Thank you so much for your supportive words. The problem with relying on law and policy is that we are relying on the privileged upper class of mostly white men to decide what our right should be and how they should work within a white male-dominant world. As Hilary Charlesworth said, Gender equality has not liberated women from oppression, it has simply given us the right to be oppressive (1994).

We need to start believing that we are bigger than the boxes we are being asked to squeeze into. That each one of our dreams is worth the fight. That each one of our voices carries a message. Keep spreading yours Francis :).

With Love,

Julie

AyeshaM's picture

a powerful truth

Warm greetings Juliexuan,

Powerful. Insightful. Beautiful. You named the truth of why so many of us get involved in this work - to heal others & ourselves, to amplify unheard voices, and to raise our own.

Thank you for reminding me that in order to help others, I must continue to work on healing myself too.

Peace,
Ayesha

---

"Let the beauty of what you love be what you do."

- Mevlana Jalal-ad-Din Rumi

juliexuan's picture

Dear Ayesha, YES! It breaks

Dear Ayesha,

YES! It breaks my heart that we have collectively lost faith in our voices and our experiences and are relying on quantitative results-based women's rights programming even though we know that those systems have never supported us. No one is going to ask us how to do this kind of work more effectively. Let's stop waiting to be asked. If we believe in our words, if we are taught to value our thoughts, we will start speaking out.

With love,

Julie

kati.mayfield's picture

Unpacking

Dear Juliexuan,

What an article. There is so much to digest here. Your writing is truly graceful. I read this post and then read your other journal entries ... somehow, you have taken your journey of great pain and turned it into writing of great beauty and power.

I am curious about so many things. What made you decide to get yourself out of your situation. What made you decide to begin writing your story on World Pulse. What made you decide to be an advocate, not only for others but for yourself. What made you decide to start unpacking yourself? Was it having World Pulse as a forum to write, and as a place to seek the support of sisters? Was that enough? How can we spread this message to more women like you, who have the tools to speak out, and may even be encouraging other women to speak out, but who are not? And how can we teach the men in our lives also to push back against the habituality of aggression, and to become advocates instead?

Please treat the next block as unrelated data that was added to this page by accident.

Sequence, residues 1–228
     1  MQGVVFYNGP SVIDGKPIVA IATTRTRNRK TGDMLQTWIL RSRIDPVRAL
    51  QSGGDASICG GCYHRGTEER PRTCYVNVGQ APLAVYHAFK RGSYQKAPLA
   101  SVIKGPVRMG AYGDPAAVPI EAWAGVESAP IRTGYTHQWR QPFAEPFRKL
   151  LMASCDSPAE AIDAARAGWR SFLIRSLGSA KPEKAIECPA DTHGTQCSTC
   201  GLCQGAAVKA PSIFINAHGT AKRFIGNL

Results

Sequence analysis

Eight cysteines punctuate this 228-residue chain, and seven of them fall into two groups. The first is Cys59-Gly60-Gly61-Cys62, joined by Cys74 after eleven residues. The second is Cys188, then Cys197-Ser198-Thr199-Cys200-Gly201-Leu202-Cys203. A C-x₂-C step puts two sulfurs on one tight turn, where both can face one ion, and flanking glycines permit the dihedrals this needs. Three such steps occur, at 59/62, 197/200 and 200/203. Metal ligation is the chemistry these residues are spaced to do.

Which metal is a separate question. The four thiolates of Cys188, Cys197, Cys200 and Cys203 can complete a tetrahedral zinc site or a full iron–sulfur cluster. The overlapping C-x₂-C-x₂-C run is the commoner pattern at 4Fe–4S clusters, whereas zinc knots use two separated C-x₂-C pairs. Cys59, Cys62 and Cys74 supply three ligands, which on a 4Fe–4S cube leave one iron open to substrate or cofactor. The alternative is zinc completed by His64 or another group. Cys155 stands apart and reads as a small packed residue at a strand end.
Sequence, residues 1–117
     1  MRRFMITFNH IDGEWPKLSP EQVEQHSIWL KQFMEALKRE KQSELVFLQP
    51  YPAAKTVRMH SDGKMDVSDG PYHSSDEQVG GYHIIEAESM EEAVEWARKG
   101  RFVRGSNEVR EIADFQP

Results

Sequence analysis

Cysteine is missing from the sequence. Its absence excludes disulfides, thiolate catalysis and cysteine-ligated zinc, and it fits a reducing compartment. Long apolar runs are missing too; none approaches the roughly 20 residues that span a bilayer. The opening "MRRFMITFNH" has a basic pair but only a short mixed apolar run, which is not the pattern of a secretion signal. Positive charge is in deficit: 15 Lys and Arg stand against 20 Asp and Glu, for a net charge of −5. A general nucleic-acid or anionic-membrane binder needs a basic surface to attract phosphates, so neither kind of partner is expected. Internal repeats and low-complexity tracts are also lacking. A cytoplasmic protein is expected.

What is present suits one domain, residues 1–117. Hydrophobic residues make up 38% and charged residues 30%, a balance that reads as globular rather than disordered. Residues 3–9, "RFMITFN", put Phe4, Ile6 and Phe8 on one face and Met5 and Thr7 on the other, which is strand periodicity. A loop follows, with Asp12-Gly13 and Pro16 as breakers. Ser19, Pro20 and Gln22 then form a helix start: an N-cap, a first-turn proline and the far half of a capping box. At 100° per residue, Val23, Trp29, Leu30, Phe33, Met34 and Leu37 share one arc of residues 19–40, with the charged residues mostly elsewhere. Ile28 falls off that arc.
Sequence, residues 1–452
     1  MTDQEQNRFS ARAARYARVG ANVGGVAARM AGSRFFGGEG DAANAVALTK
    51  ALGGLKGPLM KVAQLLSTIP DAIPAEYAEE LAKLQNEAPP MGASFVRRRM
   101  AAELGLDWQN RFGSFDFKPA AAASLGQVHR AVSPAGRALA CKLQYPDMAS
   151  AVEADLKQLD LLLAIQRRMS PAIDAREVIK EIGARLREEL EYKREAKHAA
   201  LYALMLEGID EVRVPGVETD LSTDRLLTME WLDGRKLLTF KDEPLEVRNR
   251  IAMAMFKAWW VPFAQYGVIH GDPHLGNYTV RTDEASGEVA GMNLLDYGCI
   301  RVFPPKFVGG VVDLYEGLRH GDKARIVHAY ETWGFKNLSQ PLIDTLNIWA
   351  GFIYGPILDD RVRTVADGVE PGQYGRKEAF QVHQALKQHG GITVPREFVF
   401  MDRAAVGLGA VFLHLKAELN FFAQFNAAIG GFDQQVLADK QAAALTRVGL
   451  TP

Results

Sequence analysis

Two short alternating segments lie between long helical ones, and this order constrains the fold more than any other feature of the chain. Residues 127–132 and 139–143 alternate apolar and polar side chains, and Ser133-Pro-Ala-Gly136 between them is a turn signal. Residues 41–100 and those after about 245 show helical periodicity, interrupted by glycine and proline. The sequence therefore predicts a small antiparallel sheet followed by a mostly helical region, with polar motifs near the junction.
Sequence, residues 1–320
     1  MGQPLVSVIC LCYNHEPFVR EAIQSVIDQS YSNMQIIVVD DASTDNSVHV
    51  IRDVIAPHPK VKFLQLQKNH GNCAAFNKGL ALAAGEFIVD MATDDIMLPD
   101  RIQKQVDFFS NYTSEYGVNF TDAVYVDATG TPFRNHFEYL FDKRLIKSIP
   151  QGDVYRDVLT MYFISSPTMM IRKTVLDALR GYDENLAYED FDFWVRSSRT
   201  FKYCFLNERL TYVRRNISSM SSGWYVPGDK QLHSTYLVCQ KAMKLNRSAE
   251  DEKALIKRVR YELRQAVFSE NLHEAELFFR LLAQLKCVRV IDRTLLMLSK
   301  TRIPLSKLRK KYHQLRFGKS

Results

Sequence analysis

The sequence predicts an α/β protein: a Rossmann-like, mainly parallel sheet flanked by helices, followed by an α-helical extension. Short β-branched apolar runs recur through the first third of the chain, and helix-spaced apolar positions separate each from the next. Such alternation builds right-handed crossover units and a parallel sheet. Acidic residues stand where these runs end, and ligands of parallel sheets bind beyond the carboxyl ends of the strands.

Thank you for sharing your story,

in friendship,

Kati

*resolved this year to think twice and to smile twice before doing anything*

juliexuan's picture

Hi Kati, Thanks so much for

Hi Kati,

Thanks so much for reading this and my other journal entries. It means so much to me that you are curious about my experience and I'll do my best to answer your questions.

I stumbled upon World Pulse a little over a year ago. I wanted desperately to express myself and to share my experience but the thought of physically beginning to write terrified me. VOF 2011 became my goal to work towards. It has been an incredibly transformative process to read the stories of women and comforting to see how much support there is within this community. World Pulse is the only women's advocacy forum that I have come across that exists within a circular framework rather than one that is top-down. We are all teachers here, we are all participants, we are all journalists, we are all citizens. We own the way our stories are told.

I hope that my upcoming journal entry will help address your questions about where we go from here. Please continue reading Kati.

Love,

Julie

Dearest Julie,

'They' say that life is like a mirror, what we put into the mirror will reflect back at us / (or in your case SHINE).

May each of these comments above FUEL you as you journey on in VOF and BEYOND.

Your courage is FELT, SEEN, HEARD and in return ENCOURAGED.

My heart-wish for you is that you NOW trust yourself enough to STEADY your hand on the VOLUME of your voice and CELEBRATE being HEARD. 'MUTE'-alation is no longer a part of your story.

You are BEING the VOICE.

Gratitude to you for the vulnerability it has taken to share, many other voices will be found through you.

SO excited to HEAR you!

Love,
Kaleidoscope Girl.

"Write your life so others may be ILLUMINATED."

juliexuan's picture

Dear Kaleidoscope Girl, Your

Dear Kaleidoscope Girl,

Your comments truly energize and inspire me <3. Thank you, thank you!! My greatest dream would be, as you said, to inspire the rising of other voices. I can't tell you how relieving it is to know that I'm being heard by such talented, beautiful, inspirational women like yourself. This journey has been such a rich blessing already and it is completely to the credit of the women who take the time to so passionately respond to my entries. Keep reading, keep sharing, keep shining.

Love always,

Julie